It’s no secret that the financial industry has been subjected to dramatic, sometimes disastrous changes over the past couple of years. Major banks and brokers have disappeared or been forced into disadvantageous mergers, while others are being resuscitated by infusions of government money. The survivors are somewhat shellshocked and understandably less inclined to lend, especially to new and growing companies.
Ironically, these are the companies that are busy right now planting the seeds of our economic future. They’re pioneers creating products that will ensure our prosperity. Most new jobs come from these innovative companies, so it’s in everyone’s best interest that they survive and thrive.
But where are they going to find reliable sources of capital? One potential source is a financing technique that’s been around for thousands of years: factoring. This is the process of selling accounts receivable at a discount in order to accelerate cash flow, and it’s been popular since the days of the Roman Empire. When Roman merchants extended credit to their customers, factors would advance funds to them against the future payments that were to be received. The same method was used to finance trade flows between England and its colonies in North America.
Sources Of Financing
There are three ways to finance a business: acquisition of debt, sale of equity/venture capital, and do-it-yourself financing.
Debt is still available to some companies. But you can expect future business loan covenant restrictions to be tightened as banks continue to harvest losses from years of inadequate requirements. Banks are going to require more capital and less leverage on balance sheets in the future to offset the risk of business loans.
Venture capital is also still available to some companies, although VC firms are becoming much more particular about the businesses they invest in. One of the biggest drawbacks to selling equity, however, is the dilution of ownership, a percentage of which is transferred to the investor in exchange for capital.
Factoring, meanwhile, is a form of do-it-yourself financing. Advocates of venture capital in particular will find factoring rates competitive. More important, factoring leaves ownership shares and control of the company in the hands of the original owners.
Factoring services tend to work best for companies that are able to generate consistent sales of products or services at the level of quality expected by a viable commercial customer. These sales should be completed and reasonably expected to be paid according to the terms of sale. The cash advanced by a factoring service can then be used to pay current obligations that support the company’s growth, like payroll, vendors, and other kinds of debt serviced by working capital.
While the costs of factoring services are higher than traditional small business bank loans, they’re mitigated by the additional services factors provide. A factor performs all the services of a full-fledged accounts receivable and credit department, including such tasks as backing up documents for accuracy and scanning, as well as folding, stuffing, mailing, and documenting invoices and payments in a ledgering system.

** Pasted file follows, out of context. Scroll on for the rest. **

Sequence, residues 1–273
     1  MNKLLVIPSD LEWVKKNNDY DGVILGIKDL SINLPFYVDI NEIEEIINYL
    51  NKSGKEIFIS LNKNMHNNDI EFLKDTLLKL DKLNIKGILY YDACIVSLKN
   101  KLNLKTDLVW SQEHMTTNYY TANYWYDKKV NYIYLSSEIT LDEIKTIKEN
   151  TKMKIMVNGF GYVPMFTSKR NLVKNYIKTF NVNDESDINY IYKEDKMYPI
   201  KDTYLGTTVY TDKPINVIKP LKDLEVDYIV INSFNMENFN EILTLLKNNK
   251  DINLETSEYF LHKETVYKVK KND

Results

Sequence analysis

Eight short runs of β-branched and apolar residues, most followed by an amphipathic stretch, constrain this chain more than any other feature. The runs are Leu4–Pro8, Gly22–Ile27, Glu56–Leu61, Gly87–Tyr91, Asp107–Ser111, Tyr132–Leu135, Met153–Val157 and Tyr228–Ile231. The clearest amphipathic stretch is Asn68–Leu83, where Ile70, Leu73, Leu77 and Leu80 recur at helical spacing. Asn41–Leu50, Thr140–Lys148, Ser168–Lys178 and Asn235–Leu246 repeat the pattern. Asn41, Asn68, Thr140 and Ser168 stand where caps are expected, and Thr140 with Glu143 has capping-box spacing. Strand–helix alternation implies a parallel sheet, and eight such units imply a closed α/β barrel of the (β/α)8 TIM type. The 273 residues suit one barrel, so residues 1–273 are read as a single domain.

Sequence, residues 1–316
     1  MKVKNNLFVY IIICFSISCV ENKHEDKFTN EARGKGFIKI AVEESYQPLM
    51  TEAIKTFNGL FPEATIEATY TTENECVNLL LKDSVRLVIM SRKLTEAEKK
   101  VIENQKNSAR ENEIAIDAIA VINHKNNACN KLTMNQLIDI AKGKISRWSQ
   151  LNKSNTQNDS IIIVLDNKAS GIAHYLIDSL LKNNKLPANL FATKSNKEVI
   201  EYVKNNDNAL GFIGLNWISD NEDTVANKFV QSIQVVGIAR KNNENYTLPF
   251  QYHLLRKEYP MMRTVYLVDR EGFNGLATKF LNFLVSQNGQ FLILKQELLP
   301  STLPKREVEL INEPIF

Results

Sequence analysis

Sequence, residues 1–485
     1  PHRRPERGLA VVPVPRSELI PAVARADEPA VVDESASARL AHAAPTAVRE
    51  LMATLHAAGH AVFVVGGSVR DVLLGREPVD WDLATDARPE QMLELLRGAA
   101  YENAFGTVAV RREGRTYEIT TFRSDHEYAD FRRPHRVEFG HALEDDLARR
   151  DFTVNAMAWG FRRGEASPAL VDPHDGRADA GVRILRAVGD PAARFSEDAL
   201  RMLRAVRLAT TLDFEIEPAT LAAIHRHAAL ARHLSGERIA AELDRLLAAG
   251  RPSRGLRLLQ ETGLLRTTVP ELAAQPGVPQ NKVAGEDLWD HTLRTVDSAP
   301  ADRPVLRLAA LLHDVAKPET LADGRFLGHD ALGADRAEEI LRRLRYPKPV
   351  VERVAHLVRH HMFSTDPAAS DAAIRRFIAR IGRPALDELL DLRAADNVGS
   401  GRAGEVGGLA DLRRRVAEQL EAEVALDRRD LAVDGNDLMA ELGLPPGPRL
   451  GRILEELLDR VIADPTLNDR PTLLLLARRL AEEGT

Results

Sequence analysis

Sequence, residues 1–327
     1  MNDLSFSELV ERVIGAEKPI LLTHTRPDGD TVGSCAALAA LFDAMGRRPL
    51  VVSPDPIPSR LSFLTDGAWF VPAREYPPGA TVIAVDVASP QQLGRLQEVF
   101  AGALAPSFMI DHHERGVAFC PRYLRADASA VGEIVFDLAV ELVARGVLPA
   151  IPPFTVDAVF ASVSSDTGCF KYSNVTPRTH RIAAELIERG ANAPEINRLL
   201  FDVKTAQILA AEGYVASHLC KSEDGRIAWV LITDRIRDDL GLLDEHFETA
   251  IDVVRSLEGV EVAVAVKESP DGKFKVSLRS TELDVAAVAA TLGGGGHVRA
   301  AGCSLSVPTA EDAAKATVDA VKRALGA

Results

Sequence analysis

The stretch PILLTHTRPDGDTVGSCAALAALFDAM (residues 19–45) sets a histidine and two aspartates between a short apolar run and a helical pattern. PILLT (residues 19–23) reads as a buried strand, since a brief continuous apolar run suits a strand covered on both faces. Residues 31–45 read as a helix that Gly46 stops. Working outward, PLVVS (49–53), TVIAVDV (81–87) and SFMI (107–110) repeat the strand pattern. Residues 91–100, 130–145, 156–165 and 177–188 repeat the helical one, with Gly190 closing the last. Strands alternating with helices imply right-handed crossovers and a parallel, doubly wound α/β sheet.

Vendor Trade Support
Little consideration has been given lately to the importance of vendor trade support, but the credit given by vendors is crucial to any successful entrepreneur. Success in business is often built on the support of those that sell to entrepreneurs and offer them trade credit.
Trade credit comes without interest, can expand rapidly, and provides a business owner with another way to leverage financing if treated appropriately. The liquidity provided by factoring accounts receivable enables a business owner to create vendor loyalty that is repaid in kind by increased trade credit lines. Often, by negotiating prompt or early payments, discounts can be realized that can improve profitability and help offset the costs of factoring services.
Wise entrepreneurs will retain and reinvest the profits from their increased sales. Establishing positive trends with respect to vendor relationships, improved liquidity, and growing sales will increase the likelihood that a business owner will be able to attain the next level of financing on more attractive terms.
In today’s difficult and uncertain credit environment, factoring services remain an effective way for companies to leverage their current sales and accelerate cash flow. Newly established and fast-growing companies especially should think of factoring as a potential first resource to meet their financing needs.
David Nordella is a vice president and business development officer with Commercial Finance Group, which has offices throughout the United States. Since 1974, CFG has provided creative financial solutions to small and medium-size businesses that may not qualify for traditional financing. You can learn more by sending an e-mail to firstname.lastname@example.org.